Australia rejects Aborigine compensation claim
(AFP) - The Australian government on Monday rejected Aboriginal demands for hundreds of millions of dollars in compensation for the "stolen generation" of indigenous children taken from their parents.
Prime Minister Kevin Rudd has pledged to apologise to Aborigines for the disastrous policy, something his predecessor John Howard refused to do during his 11 years in power before being ousted in November elections.
But Indigenous Affairs Minister Jenny Macklin Monday ruled out backing the apology with the establishment of a compensation fund of a billion dollars (870 million US), as demanded by some Aboriginal leaders.
"What we will be doing is putting the funding into health and education services, and providing additional support for services needed for counselling, to enable people to find their relatives," she told national radio.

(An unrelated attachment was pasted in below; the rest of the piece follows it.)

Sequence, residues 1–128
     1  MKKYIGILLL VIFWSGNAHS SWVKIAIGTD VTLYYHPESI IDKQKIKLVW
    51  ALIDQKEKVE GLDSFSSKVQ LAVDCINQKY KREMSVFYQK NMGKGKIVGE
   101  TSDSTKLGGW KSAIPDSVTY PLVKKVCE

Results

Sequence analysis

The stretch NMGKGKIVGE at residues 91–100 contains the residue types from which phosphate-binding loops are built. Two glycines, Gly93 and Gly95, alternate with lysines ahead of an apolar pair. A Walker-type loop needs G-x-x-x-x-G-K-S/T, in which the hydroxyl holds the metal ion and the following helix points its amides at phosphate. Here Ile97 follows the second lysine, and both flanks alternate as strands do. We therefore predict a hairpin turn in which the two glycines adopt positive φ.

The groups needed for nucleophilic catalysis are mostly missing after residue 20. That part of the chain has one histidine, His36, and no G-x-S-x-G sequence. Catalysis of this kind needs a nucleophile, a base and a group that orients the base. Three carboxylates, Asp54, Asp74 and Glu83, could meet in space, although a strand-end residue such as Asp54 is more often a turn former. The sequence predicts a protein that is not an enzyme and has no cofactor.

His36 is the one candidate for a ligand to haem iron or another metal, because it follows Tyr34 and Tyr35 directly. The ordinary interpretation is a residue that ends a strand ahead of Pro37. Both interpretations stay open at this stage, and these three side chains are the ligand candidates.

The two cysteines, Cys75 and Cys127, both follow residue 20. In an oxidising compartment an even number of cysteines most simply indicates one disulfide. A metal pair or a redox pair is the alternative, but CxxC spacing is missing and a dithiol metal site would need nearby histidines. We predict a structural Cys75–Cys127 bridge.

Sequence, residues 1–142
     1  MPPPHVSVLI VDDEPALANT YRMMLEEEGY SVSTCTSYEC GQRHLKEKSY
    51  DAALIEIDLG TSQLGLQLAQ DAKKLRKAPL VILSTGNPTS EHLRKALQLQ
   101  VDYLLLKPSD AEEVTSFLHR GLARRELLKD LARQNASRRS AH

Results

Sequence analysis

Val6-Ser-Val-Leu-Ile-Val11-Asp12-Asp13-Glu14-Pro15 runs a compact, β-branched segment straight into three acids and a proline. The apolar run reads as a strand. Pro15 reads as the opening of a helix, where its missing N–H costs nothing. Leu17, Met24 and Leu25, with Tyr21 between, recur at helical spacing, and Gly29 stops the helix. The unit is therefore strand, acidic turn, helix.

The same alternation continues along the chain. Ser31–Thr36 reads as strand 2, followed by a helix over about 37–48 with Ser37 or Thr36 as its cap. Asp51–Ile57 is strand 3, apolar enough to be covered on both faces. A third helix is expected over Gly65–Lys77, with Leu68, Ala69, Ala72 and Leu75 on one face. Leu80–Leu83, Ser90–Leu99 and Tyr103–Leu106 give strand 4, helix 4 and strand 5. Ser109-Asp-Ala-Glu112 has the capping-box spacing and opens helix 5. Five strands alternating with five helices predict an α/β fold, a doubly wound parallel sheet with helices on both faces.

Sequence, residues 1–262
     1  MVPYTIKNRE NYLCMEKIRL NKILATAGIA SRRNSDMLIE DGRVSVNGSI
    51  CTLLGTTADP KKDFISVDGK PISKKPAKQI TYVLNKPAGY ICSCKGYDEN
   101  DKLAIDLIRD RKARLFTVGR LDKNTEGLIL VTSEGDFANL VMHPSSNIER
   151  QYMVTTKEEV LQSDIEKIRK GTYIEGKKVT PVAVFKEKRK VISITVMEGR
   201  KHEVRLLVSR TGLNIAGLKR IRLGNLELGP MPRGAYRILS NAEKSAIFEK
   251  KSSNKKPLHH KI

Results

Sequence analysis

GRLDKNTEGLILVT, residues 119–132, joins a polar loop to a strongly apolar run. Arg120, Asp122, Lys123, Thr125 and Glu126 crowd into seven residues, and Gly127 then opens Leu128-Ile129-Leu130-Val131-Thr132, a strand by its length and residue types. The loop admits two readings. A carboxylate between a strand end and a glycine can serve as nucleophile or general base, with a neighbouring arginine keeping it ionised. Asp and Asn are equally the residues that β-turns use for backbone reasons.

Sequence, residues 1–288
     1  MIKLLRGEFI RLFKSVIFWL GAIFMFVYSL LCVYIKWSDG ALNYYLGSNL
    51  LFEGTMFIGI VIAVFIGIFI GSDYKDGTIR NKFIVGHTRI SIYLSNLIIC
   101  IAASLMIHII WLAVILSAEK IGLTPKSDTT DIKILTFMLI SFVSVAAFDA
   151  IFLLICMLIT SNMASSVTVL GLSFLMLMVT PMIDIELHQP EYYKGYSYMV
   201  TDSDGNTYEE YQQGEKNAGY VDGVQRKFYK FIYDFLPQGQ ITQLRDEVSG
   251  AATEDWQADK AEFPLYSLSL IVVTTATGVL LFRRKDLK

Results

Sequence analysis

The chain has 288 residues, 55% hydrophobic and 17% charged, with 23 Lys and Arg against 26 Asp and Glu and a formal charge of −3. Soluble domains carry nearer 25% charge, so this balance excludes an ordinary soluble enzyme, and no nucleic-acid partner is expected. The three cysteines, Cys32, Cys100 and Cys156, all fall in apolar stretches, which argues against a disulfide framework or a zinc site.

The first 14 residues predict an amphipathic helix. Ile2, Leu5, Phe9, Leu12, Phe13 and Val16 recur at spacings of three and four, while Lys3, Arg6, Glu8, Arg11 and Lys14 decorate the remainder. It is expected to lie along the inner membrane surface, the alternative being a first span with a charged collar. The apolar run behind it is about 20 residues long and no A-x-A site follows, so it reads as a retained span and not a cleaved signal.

"So we won't be creating a compensation fund."
Tasmanian Aboriginal Centre legal director Michael Mansell had called on the government to establish a billion dollar fund to give to some 13,000 Aborigines taken from their parents as children over four decades up to the 1970s.
The children were put into institutions or foster care with white families as part of an attempt to force assimilation, and some of them never saw their families again.
"The prime minister is going to stand up in front of the world and say that on behalf of the nation we are genuinely sorry that this happened," Mansell said.
"If he then walks away and says but I'm not going to compensate you, it would give a hollow ring to the words he would be using."
Stolen Generations Victoria chairwoman Lyn Austin backed the establishment of such a fund.
"People get paid crimes compensation for victims of crime," she said. "You are looking at the gross violation and the act of genocide and all the inhuman things that have happened to our people."
Australia's original inhabitants were marginalised after the first British settlers arrived in 1788 and now number just 470,000 out of a population of 21 million, with many living in impoverished outback camps.